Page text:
Brahmagupta Theorem

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Theorem

If a cyclic quadrilateral has diagonals which are perpendicular, then the perpendicular to a side from the point of intersection of the diagonals always bisects the opposite side.


Specifically:

Let $ABCD$ be a cyclic quadrilateral whose diagonals $AC$ and $BD$ are perpendicular, crossing at $M$.

Let $EF$ be a line passing through $M$ and crossing opposite sides $BC$ and $AD$ of $ABCD$.

Then $EF$ is perpendicular to $BC$ if and only if $F$ is the midpoint of $AD$.


Proof

BrahmaguptaTheorem.png

Sufficient Condition

Suppose that $EF$ is perpendicular to $BC$.

We need to prove that $AF = FD$.

Thus:

\(\displaystyle \angle FAM\) \(=\) \(\displaystyle \angle CAD\) producing $AF$ to $D$ and $AM$ to $C$
\(\displaystyle \) \(=\) \(\displaystyle \angle CBD\) Angles in Same Segment of Circle are Equal: both subtend $CD$
\(\displaystyle \) \(=\) \(\displaystyle \angle CBM\) producing $BM$ to $D$
\(\displaystyle \) \(=\) \(\displaystyle \angle CME\) both are complements of $\angle BCM$
\(\displaystyle \) \(=\) \(\displaystyle \angle FMA\) Vertical Angle Theorem

Then by Triangle with Two Equal Angles is Isosceles, it follows that $AF = FM$.


Similarly:

\(\displaystyle \angle FDM\) \(=\) \(\displaystyle \angle ADB\) producing $DF$ to $A$ and $DM$ to $B$
\(\displaystyle \) \(=\) \(\displaystyle \angle ACB\) Angles in Same Segment of Circle are Equal: both subtend $AB$
\(\displaystyle \) \(=\) \(\displaystyle \angle BCM\) producing $BM$ to $A$
\(\displaystyle \) \(=\) \(\displaystyle \angle BME\) both are complements to $\angle CBM$
\(\displaystyle \) \(=\) \(\displaystyle \angle DMF\) Vertical Angle Theorem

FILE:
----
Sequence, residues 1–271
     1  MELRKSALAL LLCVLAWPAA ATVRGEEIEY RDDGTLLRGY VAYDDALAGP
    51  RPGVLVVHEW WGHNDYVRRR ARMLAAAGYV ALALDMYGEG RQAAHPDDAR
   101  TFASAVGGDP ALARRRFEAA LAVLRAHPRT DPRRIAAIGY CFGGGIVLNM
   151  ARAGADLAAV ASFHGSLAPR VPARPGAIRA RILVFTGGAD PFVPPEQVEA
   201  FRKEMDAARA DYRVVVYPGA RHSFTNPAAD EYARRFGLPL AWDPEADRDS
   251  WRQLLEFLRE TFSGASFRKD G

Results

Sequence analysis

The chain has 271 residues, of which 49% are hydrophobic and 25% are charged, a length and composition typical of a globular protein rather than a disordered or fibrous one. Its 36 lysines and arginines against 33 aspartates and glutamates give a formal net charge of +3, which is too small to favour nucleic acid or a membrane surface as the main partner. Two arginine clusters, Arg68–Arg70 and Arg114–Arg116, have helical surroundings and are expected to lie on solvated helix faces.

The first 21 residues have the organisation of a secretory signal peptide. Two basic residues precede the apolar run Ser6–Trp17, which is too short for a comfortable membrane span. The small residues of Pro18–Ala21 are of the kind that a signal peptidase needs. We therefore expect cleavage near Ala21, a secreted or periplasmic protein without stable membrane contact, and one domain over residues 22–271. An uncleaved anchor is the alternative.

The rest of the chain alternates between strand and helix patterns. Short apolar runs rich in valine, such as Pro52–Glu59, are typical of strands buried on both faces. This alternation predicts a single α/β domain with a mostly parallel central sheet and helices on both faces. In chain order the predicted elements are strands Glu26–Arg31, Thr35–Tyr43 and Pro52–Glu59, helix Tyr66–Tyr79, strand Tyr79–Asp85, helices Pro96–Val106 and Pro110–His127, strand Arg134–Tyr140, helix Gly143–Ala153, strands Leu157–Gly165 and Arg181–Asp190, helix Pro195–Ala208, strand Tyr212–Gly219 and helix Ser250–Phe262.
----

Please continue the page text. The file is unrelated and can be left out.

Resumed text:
Then by Triangle with Two Equal Angles is Isosceles, it follows that $FD = FM$.


So $AF = FD$, as we needed to show.

$\Box$


Necessary Condition

Now suppose that $AF = FD$.

We now need to show that $EF$ is perpendicular to $BC$.


From Thales' Theorem (indirectly) we have that $AF = FM = FD$.

So:

\(\displaystyle \angle EBM\) \(=\) \(\displaystyle \angle CBD\) producing $EB$ to $C$ and $BM$ to $D$
\(\displaystyle \) \(=\) \(\displaystyle \angle CAD\) Angles in Same Segment of Circle are Equal: both subtend $CD$
\(\displaystyle \) \(=\) \(\displaystyle \angle FAM\) producing $AM$ to $C$ and $FA$ to $D$
\(\displaystyle \) \(=\) \(\displaystyle \angle AMF\) Isosceles Triangle has Two Equal Angles, and $AF = FM$
\(\displaystyle \) \(=\) \(\displaystyle \angle EMC\) Vertical Angle Theorem


We note the result Sum of Angles of Triangle equals Two Right Angles.

We have that $\angle EBM$ and $\angle ECM$ are complementary, as both are angles in $\triangle CBM$, which is a right triangle.

So $\angle EMC$ and $\angle ECM$ are complementary, which means that $\angle CEM$ must be a right angle.

Hence by definition $EF$ is perpendicular to $BC$, as we were to show.

$\blacksquare$


Source of Name

This entry was named for Brahmagupta.